Transocean has deepwater purchases in its veins

Deepwater driller Transocean Ltd. announced Tuesday that it was acquiring competitor Ocean Rig UDW Inc. in a $2.7 billion cash and stock transaction.

The deal bolster’s Transocean’s industry-leading position in deepwater drilling and extends and strengthens its geographical spread. The Ocean Rig purchase adds nine high-specification ultradeepwater drillships, two harsh environment semisubmersibles, plus two high-specification drillships under construction (with delivery in 2019 and 2020) to Transocean’s fleet. The combined fleet will number 57 floating drilling rigs.

Transocean also said it will retire the midwater semisubmersible Songa Delta and the ultradeepwater drillship C.R. Luigs. The two announcements signify that the offshore drilling industry recovery is underway and likely gaining strength. Why? These are moves associated with a recovering industry, not one that’s stagnant or declining. Higher oil prices are generating increased operator cash flow. More money and lower drilling and development costs combine to make offshore projects more competitive. Importantly, offshore still provides operators with potentially large reserves and output, critical for the health of global integrated oil companies.

An important element in any industry recovery is the elimination of a competitor, as well as upgrading the quality of the rig fleet. These steps not only tighten the rig market, but also signal to producers that quality drilling equipment is moving into the hands of stronger competitors who will demand better contracts and day rates. What Transocean is doing is consistent with the early phase of an industry recovery.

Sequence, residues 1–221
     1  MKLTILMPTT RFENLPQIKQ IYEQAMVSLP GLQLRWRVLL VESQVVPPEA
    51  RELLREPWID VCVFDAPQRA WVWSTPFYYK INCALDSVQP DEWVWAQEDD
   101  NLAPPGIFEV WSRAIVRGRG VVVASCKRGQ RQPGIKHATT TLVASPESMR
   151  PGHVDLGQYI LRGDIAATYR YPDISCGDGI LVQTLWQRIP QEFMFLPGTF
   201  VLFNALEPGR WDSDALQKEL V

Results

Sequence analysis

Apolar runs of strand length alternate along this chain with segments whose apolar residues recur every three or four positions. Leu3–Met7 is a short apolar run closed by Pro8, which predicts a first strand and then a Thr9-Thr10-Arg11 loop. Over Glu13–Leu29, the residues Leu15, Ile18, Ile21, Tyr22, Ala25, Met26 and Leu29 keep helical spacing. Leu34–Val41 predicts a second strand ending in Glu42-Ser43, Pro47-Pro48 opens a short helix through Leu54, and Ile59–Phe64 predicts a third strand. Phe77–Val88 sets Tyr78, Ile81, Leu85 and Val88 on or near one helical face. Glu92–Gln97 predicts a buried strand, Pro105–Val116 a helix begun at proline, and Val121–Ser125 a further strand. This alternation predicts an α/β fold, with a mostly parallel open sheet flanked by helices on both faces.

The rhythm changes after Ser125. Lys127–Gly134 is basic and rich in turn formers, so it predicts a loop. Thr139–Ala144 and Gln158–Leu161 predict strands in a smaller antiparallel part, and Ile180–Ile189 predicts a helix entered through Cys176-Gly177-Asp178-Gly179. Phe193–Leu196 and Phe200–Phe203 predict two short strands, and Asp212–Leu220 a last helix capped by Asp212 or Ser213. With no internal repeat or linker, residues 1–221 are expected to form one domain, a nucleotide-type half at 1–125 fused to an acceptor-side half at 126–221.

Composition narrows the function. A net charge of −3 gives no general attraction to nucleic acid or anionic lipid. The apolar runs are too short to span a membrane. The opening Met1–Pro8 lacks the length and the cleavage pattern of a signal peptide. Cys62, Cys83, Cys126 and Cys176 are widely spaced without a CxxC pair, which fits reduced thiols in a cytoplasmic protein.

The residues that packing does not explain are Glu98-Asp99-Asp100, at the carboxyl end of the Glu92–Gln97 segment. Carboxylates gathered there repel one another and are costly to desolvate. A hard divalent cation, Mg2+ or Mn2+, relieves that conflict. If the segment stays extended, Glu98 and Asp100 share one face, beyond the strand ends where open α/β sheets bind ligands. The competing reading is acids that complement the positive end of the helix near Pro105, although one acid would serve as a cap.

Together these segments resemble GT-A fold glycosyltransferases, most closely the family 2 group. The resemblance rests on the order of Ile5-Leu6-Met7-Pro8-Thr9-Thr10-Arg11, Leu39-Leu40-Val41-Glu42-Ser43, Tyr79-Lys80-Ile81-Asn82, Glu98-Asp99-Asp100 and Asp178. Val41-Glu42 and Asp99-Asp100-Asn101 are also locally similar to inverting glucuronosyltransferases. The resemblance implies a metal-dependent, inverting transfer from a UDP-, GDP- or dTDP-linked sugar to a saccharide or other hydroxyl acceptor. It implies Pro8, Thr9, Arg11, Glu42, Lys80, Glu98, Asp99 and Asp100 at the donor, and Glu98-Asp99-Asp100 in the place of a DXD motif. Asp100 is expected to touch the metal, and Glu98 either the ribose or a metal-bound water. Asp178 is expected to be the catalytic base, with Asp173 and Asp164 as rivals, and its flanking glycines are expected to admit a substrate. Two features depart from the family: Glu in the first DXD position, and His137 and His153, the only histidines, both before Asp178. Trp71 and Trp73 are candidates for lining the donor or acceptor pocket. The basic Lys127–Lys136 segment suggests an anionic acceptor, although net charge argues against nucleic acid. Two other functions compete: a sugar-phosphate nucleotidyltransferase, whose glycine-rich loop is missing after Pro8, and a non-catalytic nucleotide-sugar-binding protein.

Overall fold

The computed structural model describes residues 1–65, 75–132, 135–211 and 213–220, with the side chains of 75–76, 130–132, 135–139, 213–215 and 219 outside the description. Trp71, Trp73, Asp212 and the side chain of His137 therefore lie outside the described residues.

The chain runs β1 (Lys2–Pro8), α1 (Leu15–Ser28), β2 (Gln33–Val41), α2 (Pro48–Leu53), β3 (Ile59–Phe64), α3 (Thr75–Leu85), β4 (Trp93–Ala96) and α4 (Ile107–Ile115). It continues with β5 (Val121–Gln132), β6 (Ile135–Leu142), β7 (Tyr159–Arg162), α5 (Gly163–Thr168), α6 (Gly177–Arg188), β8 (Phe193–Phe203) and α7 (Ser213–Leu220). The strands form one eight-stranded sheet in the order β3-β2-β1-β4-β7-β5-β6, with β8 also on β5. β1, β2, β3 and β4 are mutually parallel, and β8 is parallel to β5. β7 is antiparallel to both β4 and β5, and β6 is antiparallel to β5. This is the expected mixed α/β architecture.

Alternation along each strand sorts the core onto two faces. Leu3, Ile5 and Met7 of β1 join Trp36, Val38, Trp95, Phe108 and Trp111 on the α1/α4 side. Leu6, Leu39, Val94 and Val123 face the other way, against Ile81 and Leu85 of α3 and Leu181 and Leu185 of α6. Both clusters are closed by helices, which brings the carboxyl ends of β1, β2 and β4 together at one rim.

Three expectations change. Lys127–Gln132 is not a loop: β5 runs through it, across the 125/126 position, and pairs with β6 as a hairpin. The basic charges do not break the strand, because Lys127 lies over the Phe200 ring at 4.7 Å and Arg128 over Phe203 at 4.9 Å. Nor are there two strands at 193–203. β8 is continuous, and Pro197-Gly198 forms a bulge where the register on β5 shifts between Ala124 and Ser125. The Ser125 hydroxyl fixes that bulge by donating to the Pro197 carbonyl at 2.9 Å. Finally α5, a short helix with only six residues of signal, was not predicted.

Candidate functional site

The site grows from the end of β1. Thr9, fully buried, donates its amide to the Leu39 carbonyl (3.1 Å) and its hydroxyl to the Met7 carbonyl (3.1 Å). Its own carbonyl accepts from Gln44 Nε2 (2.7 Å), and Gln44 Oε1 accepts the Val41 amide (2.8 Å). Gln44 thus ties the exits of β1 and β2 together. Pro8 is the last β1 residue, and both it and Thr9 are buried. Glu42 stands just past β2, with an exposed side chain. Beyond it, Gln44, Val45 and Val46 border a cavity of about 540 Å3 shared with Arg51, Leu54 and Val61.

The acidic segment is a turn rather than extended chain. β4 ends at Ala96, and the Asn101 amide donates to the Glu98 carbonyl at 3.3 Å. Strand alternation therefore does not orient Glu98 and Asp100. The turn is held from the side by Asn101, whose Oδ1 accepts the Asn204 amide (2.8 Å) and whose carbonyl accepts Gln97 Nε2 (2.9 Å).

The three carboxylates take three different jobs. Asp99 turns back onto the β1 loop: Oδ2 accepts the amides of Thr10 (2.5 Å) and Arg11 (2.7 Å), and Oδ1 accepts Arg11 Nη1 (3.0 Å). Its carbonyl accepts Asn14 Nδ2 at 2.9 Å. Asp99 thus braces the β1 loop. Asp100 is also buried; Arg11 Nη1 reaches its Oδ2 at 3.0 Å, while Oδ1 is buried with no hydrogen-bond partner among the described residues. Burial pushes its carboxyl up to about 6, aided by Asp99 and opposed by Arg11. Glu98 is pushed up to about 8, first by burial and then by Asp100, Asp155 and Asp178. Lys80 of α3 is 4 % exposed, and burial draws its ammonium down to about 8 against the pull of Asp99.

Ocean Rig becomes the latest company added to Transocean’s colorful history. Over its 65-year life, Transocean has collected a stable of notable offshore drilling companies, while also setting numerous drilling records. Sending out the first mobile drilling rig (Rig 51) in 1954, Transocean also built the first 10,000′ water depth drillship with dual drilling capability. Unfortunately, its history was tarnished by the Deepwater Horizon disaster.

For those with offshore blood in their veins, Transocean’s acquisition history reflects the offshore industry’s cycles. From Sonat Offshore Drilling, the company evolved through acquisitions and mergers, including combinations with a number of other offshore drilling combinations including: Transocean ASA, Sedco Forex, (Sedco and Forex Neptune Drilling), R&B Falcon (Reading & Bates, Falcon Drilling and Cliffs Drilling), Global Santa Fe Corp. (Global Marine Inc. and Santa Fe International Corp.), Aker Drilling and Songa Offshore.

Even the latest rig retirement announcement reflected on the industry’s history. The rig was named for Russ Luigs, chairman and CEO of Global Marine during the 1970s offshore drilling boom, which turned into a bust in 1985 when oil prices fell below $10 a barrel. Houston, the capital of the offshore drilling industry quickly became the bankruptcy capital of the U.S. with Global Marine being the largest bankruptcy in U.S. history at that time. The offshore industry recovered, just Transocean’s acquisition is showing now.

About the author

G. Allen Brooks

G. Allen Brooks is a 40-year veteran of the energy and investment industries, serving as an energy securities analyst, an oilfield service company manager, a consultant to energy company managements and a board member of several oilfield service companies. He is the author of the highly regarded energy newsletter “Musings From the Oil Patch” that interprets trends within all sectors of the energy business.

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